After Whitman:

Playwriting: “In One Room” has been performed nationally and at Whitman and was the winner of the Bailiwick College/University Playwriting competition. I’ve written other plays performed in New York City with my theatre company, “The Bureau Theater,” for which I am artistic director. I was a writing assistant on the Broadway production of “33 Variations,” starring Jane Fonda, and will assist on the screenplay version.

Directing: I am studying for my master’s degree in fine arts/directing at Columbia University.

I directed productions in NYC with The Bureau Theater, as well as assistant directed with Broadway director Moisés Kaufman. I am the dramaturg (research and development) on “The Laramie Project: 10 Years Later,” an epilogue to “The Laramie Project.” The epilogue was presented simultaneously by 120 theaters nationwide on Oct. 12.

Acting: Productions in NYC, including with the Forestburgh Playhouse, and in Summer Repertory Theater in Santa Rosa, Calif., and toured with Creede Repertory Theater.

Technical: Prop master for Summer Repertory Theater and Forestburgh Playhouse, and stage management and technical work for productions and events in NYC.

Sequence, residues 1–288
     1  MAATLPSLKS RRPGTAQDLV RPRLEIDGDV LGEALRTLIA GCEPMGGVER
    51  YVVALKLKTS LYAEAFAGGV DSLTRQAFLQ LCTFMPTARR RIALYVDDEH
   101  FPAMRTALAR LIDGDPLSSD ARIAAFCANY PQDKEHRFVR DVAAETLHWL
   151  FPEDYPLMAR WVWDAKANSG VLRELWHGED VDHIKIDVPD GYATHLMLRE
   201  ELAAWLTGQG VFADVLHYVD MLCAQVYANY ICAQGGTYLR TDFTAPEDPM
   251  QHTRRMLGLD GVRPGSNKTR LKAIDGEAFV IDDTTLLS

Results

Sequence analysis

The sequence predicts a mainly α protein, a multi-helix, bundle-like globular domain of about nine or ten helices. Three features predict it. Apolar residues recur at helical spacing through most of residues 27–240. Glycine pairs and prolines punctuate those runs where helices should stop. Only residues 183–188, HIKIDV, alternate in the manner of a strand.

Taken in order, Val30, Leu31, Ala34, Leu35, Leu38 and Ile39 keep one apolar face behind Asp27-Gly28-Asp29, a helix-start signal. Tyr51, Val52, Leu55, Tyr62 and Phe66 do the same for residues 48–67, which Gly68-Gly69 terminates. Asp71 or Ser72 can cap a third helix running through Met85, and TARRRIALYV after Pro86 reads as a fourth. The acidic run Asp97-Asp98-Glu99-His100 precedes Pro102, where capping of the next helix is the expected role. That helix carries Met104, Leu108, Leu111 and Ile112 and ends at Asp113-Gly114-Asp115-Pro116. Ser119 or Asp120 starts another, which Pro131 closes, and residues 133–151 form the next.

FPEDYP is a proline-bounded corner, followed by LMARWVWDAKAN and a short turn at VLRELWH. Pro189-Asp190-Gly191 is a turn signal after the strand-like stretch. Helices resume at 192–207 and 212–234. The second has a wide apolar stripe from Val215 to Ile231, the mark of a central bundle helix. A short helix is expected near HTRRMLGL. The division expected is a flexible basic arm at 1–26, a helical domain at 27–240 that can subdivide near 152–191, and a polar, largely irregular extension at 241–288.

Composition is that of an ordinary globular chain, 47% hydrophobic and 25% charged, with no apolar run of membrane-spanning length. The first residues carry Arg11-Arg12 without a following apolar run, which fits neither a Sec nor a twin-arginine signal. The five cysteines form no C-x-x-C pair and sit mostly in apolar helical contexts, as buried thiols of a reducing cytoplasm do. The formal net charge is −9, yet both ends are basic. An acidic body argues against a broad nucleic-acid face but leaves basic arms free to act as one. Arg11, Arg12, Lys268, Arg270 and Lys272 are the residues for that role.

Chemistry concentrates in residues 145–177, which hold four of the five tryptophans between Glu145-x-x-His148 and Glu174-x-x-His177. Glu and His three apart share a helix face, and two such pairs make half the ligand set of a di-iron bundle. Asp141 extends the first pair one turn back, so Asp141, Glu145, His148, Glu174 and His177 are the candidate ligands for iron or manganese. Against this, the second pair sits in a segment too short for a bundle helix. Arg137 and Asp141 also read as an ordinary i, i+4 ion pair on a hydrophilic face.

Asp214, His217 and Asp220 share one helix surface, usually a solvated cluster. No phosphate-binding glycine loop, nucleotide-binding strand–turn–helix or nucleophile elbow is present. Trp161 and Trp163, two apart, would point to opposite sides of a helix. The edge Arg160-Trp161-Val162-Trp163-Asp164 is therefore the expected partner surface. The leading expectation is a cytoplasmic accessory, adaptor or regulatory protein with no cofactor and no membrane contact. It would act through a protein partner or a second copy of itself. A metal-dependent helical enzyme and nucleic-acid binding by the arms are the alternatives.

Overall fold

On Whitman, HJT and my career:

The guidance I received from Debby Holmes (associate professor of theatre) while writing my honors thesis was crucial to landing my dream job in NYC. And from the very first day I stepped foot in the HJT building, Nancy Simon has been a particularly strong guiding force in my career, teaching me the meaning of an unshakable work ethic as well as care and generosity for my fellow collaborators. I still turn to them for advice and guidance, and I cherish them in my life. By the same token, a huge number of Whitman theatre students have moved to NYC, and they are my friends, collaborators and beacons of sanity while making art in such a crazy city.